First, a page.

coins.      History of the Gold Guinea Tom's Goldies

Gold guineas were first introduced in 1663, during the reign of King Charles II, and were named after the West African country the gold for the coins came from Guinea. They were the standard gold coin in this country before the sovereign was introduced in 1820.

The coin to the left is a Charles II gold half guinea of 1669.

Originally the value of the guinea was  twenty shillings, but its value changed during the course of its life due to the relative value of gold and silver. In 1670 the weight of the coin was reduced from 8.4–8.5 g to 8.3–8.4 g, but the price of gold continued to increase, and by the 1680s the coin was worth 22 shillings.

The value of the gold Guinea was stabilised during William III’s reign in 1696 through devaluation of the gold coinage and restoration of silver coinage.

The coin to the left is a 1701 William III Guinea. It was for sale in my eBay shop and sold for £1750 in June 2009.
William and Mary had joint sovereignty over the Kingdom of England, as well as the Kingdom of Scotland.  King William III and his wife Queen Mary II, a daughter of James II. Their joint reign began in February, 1689 the year this halfcrown was issued.

They were called to the throne by Parliament, replacing James II, who was "deemed to have fled" the country in the Glorious Revolution of 1688. After Mary died in 1694, William of Orange ruled alone until his death in 1702. Their rule was the only period in British history in which "joint sovereigns" with equal powers were allowed to reign; usually, the spouse of the monarch has no power and is simply a consort.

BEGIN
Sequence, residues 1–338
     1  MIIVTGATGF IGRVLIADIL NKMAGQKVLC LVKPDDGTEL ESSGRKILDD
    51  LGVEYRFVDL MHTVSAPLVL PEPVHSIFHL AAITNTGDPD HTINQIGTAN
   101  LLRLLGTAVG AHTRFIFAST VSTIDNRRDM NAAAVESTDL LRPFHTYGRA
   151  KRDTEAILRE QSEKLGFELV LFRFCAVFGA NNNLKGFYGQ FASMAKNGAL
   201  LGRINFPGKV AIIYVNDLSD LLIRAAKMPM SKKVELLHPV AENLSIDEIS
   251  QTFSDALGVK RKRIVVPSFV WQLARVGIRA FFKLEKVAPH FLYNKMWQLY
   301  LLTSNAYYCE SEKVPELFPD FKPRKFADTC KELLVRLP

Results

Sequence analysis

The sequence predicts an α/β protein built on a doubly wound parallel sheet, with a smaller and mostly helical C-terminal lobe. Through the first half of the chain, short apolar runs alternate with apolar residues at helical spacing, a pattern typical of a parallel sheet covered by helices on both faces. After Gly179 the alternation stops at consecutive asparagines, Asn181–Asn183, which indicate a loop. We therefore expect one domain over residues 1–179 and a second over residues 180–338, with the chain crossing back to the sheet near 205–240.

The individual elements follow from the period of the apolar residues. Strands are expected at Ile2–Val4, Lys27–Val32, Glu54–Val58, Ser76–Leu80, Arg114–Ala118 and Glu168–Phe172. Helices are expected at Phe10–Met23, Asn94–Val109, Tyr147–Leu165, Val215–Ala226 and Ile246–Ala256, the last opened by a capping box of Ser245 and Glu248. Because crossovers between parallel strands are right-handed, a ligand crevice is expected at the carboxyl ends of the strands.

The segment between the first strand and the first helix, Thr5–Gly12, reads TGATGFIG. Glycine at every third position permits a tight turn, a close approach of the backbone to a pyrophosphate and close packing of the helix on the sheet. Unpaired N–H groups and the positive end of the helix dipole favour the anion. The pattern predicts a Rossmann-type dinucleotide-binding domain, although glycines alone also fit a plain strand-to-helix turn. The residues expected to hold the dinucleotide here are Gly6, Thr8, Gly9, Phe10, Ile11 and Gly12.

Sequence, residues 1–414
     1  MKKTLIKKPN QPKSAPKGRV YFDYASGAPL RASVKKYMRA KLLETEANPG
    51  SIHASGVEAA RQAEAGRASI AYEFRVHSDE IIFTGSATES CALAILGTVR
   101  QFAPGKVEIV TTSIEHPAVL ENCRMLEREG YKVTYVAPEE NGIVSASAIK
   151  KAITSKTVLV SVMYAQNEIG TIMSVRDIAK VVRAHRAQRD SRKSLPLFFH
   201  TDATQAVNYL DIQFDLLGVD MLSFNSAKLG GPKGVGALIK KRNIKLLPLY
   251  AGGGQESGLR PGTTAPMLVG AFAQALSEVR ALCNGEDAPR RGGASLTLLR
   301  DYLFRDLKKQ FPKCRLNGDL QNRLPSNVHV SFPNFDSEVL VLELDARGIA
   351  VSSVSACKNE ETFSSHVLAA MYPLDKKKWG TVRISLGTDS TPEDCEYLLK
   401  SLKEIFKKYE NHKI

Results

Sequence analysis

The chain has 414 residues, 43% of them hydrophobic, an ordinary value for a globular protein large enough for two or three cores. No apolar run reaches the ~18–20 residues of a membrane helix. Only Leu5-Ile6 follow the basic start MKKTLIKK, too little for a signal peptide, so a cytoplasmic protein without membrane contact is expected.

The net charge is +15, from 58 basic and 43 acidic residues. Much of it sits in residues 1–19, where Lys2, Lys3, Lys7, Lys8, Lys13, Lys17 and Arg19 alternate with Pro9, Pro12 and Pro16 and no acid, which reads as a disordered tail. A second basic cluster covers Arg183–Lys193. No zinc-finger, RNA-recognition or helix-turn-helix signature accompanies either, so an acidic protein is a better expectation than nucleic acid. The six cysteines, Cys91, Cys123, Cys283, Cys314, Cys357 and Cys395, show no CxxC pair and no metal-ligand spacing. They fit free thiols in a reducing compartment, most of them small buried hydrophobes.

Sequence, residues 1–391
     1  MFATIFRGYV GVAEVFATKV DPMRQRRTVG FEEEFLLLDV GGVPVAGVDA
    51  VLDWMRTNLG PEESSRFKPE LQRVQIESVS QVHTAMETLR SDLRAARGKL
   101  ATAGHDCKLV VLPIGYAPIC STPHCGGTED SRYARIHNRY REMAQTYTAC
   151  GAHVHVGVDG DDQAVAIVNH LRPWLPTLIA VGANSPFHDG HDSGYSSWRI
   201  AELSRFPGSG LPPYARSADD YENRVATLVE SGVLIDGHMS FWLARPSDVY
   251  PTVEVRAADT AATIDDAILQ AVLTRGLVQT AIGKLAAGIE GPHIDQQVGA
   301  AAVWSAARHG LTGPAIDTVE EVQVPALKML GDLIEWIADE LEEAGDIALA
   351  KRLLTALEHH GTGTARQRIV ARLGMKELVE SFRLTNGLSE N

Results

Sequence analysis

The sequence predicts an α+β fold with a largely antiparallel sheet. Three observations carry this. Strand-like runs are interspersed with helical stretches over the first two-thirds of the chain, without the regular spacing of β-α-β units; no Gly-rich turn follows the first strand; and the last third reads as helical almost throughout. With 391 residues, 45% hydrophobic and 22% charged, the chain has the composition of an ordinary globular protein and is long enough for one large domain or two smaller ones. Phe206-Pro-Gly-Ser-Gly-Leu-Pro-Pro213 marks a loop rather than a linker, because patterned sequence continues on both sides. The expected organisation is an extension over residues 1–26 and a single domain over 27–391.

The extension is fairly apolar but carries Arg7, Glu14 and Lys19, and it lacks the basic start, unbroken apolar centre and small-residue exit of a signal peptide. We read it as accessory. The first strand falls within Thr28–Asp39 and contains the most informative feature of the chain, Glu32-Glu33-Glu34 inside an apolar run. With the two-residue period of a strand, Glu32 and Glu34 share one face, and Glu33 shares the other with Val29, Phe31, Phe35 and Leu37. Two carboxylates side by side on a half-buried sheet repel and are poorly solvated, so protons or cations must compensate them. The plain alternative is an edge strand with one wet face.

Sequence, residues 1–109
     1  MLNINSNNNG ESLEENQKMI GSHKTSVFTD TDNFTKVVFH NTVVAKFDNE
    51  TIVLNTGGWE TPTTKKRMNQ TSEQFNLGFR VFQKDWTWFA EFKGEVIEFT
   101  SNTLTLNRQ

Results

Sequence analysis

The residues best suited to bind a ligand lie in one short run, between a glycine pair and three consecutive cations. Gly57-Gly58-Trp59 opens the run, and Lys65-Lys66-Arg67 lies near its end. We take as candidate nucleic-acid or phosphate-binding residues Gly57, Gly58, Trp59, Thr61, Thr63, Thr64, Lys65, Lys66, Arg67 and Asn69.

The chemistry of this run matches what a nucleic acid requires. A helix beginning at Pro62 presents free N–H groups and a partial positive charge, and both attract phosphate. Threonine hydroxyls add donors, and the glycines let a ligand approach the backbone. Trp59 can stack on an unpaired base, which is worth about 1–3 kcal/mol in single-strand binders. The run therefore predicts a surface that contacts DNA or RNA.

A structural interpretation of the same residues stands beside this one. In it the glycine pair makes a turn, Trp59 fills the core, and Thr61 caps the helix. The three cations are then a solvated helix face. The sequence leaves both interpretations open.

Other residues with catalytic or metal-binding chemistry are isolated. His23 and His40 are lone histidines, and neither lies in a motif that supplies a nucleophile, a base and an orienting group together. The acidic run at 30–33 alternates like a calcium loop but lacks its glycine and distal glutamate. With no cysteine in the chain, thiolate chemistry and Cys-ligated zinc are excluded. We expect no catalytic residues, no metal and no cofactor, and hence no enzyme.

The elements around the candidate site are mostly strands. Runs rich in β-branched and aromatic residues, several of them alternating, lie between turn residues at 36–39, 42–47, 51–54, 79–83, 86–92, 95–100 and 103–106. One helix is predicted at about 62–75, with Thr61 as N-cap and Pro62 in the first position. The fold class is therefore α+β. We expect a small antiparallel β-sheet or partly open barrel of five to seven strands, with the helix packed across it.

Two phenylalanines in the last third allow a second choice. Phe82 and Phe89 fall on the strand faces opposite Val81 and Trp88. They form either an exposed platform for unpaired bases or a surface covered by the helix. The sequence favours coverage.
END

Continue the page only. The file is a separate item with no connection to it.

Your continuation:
Note King Williams hooked nose which can be more clearly seen on the coin.

The value of the Guinea deteriorated again during the reign of George III because very little silver or copper coin was minted. In fact most of the silver in Europe had already been mined out and was in very short supply.

The coin to the left is gold Guinea graded graded EF 70 by CGS and valued by them at £1250.

George III's long reign was marked by a series of military conflicts involving his kingdoms, much of the rest of Europe, and places further afield in Africa, the Americas and Asia.

Early in his reign, Great Britain defeated France in the Seven Years' War, becoming the dominant European power in North America and India.

 However, many of its American colonies were soon lost in the American Revolutionary War, which led to the establishment of the United States of America.

 A series of wars against revolutionary and Napoleonic France, over a twenty-year period, finally concluded in the defeat of Napoleon in 1815.

The guinea was finally replaced in 1816 by the Sovereign.

Until the introduction of the guinea, coins had mostly been hand-stamped, where a coin blank would be placed between a pair of engraved dies and hammered to produce the raised pattern. Some milled coins were made in Cromwell's time but  production of the first guineas coincided with the time when all coins were milled. Produced mechanically, and though some hand stamped guineas were produced in the first couple of years, all others were mechanically produced.